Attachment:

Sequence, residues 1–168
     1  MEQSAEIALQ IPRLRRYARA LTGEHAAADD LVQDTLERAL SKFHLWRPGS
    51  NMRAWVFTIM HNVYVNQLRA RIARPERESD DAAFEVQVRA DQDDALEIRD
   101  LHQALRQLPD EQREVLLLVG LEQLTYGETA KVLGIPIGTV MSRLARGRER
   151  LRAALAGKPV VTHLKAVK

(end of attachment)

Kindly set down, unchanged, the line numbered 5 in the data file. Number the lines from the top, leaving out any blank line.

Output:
   151  LRAALAGKPV VTHLKAVK